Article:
BRIAN HEAD – The Brian Head fire spread another 600 acres overnight, with fire officials concerned a red flag warning today may lead to more growth.
The fire is now 43,436 acres, up from Sunday night when the fire was reported at 42,800 acres. It continues to be 10 percent contained.
The Upper Bear Valley area above Paragonah is being evacuated due to forecast winds. Iron County Sheriff Lt. Del Schlosser said he isn’t familiar with the Bear Valley area and isn’t sure how many cabins are in the area.
Strong southwest winds are expected to return to the area, causing concern for fire managers on the northern perimeter of the fire. The National Weather Service in Salt Lake City has forecast winds from 9-14 mph increasing to 17-22 mph in the afternoon.
Sunday, a dozer built an indirect fire line, away from the current fire perimeter, across Horse Valley. Airtankers dropped retardant immediately adjacent to the dozer line with the intent that the retardant should minimize the ability of embers to start spot fires across the dozer line.
An additional dozer line was constructed along the northeast corner.
Fire managers are optimistic crews will be able to contain that section of the fire line due to the lighter fuels in the area.
Crews will continue to secure the southern perimeter of the fire to slow its progression toward Mammoth Creek. They will also be scouting out ahead of the fire to the north and south to be prepare if the fire activity picks up and moves the fire in those directions.
The Type 1 Incident Management team is now overseeing fire suppression on the eastern side of the Brian Head fire from Panguitch. The Type 2 team remains in command of the western side of the fire from Parowan. Tim Roide is the incident commander for the Type 2 team while Kim Martin is the incident commander for the Type 1 team. The two teams will coordinate closely to ensure the safety of the public and the firefighters.
There are currently 14 helicopters, 49 engines and 36 crews comprising 1,140 firefighters on scene.
The fire remains under investigation and no citations have been issued. Law enforcement has requested the public please refrain from spreading rumors about evacuations and the individual who allegedly started the fire as it only makes the jobs of officials more difficult.
“We really need people to stop spreading rumors,” Schlosser said. “It doesn’t help the situation and makes our job and the fire officials’ jobs more difficult. The public continues to ask how they can help – this is how they can help. Please do not spread rumors about things that have not been confirmed through official lines.”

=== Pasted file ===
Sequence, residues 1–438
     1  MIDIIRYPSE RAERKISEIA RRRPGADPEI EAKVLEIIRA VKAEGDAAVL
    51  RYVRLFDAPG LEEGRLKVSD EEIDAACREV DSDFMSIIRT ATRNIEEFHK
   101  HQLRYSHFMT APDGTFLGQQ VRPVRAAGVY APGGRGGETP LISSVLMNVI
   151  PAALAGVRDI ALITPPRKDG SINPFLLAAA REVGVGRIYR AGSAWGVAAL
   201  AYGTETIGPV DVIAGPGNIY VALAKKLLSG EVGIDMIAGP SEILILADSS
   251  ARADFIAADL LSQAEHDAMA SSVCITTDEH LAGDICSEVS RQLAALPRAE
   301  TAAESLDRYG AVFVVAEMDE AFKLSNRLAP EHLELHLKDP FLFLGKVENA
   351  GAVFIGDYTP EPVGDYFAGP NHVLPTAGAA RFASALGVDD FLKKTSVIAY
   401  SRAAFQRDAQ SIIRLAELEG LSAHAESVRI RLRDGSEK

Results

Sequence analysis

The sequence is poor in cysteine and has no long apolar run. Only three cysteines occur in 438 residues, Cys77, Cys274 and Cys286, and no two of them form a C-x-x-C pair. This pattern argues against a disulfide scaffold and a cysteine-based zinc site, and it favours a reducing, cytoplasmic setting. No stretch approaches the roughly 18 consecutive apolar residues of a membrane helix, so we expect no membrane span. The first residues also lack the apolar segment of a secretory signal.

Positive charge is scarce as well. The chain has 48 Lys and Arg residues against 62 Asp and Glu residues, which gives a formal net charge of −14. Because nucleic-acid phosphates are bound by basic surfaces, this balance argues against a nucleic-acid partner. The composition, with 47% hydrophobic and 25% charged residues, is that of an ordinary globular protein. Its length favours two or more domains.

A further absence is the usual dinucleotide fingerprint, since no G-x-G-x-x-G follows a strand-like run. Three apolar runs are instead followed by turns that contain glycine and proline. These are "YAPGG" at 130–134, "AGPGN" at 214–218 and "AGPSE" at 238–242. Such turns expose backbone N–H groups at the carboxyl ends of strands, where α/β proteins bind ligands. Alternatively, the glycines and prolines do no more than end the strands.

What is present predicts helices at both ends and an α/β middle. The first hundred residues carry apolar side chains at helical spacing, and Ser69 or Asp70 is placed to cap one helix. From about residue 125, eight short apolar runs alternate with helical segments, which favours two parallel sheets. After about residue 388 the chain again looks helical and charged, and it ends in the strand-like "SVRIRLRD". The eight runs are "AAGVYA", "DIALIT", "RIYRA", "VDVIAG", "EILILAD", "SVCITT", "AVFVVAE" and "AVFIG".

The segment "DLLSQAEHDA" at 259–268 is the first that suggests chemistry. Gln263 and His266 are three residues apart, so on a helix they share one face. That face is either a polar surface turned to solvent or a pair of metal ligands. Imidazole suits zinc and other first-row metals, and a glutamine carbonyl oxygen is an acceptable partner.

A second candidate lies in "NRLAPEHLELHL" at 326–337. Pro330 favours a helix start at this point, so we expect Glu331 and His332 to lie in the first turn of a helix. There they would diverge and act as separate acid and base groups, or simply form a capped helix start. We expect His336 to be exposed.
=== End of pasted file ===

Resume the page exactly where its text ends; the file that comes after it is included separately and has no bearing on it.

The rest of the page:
Current evacuations – Upper Bear Valley is under evacuation as of this morning. The following communities remain evacuated per local law enforcement: Panguitch Lake, Horse Valley, Beaver Dam, Castle Valley, Blue Springs, Rainbow Meadows, Mammoth Creek, Dry Lakes, Second Left Hand Canyon and the town of Brian Head. Evacuees can contact the Red Cross for shelter information. If you live in an area affected by wildland fires, officials recommend familiarizing yourself with the Ready, Set, Go Program.
Closures – Highway 143 is closed from the cemetery in Parowan to milepost 50 outside of Panguitch. Mammoth Creek Road is closed at the junction with Highway 143. The north side gate of 143/148 is closed. The Dixie National Forest has expanded its area closure to include Forest lands north of Highway 14. Please check your route before planning recreational activities. Maps of the closure area are posted at the InciWeb incident webpage.
Health warnings – On Sunday, the Southwest Utah Public Health Department released a statement encouraging residents to be aware of health impacts from wildfire smoke, which contains fine particles that can cause burning eyes, running nose, scratchy throat, headaches and bronchitis and can worsen chronic heart and lung disease.
The Brian Head Fire started around midday Saturday, June 17, and grew very quickly through dense timber on lands administered by Brian Head Town, Iron County, in cooperation with the Utah Division of Forestry, Fire, and State Lands. It has since burned on to lands managed by Dixie National Forest and Color Country District Bureau of Land Management. Cedar Breaks National Monument remains open, with access via Highway 14.
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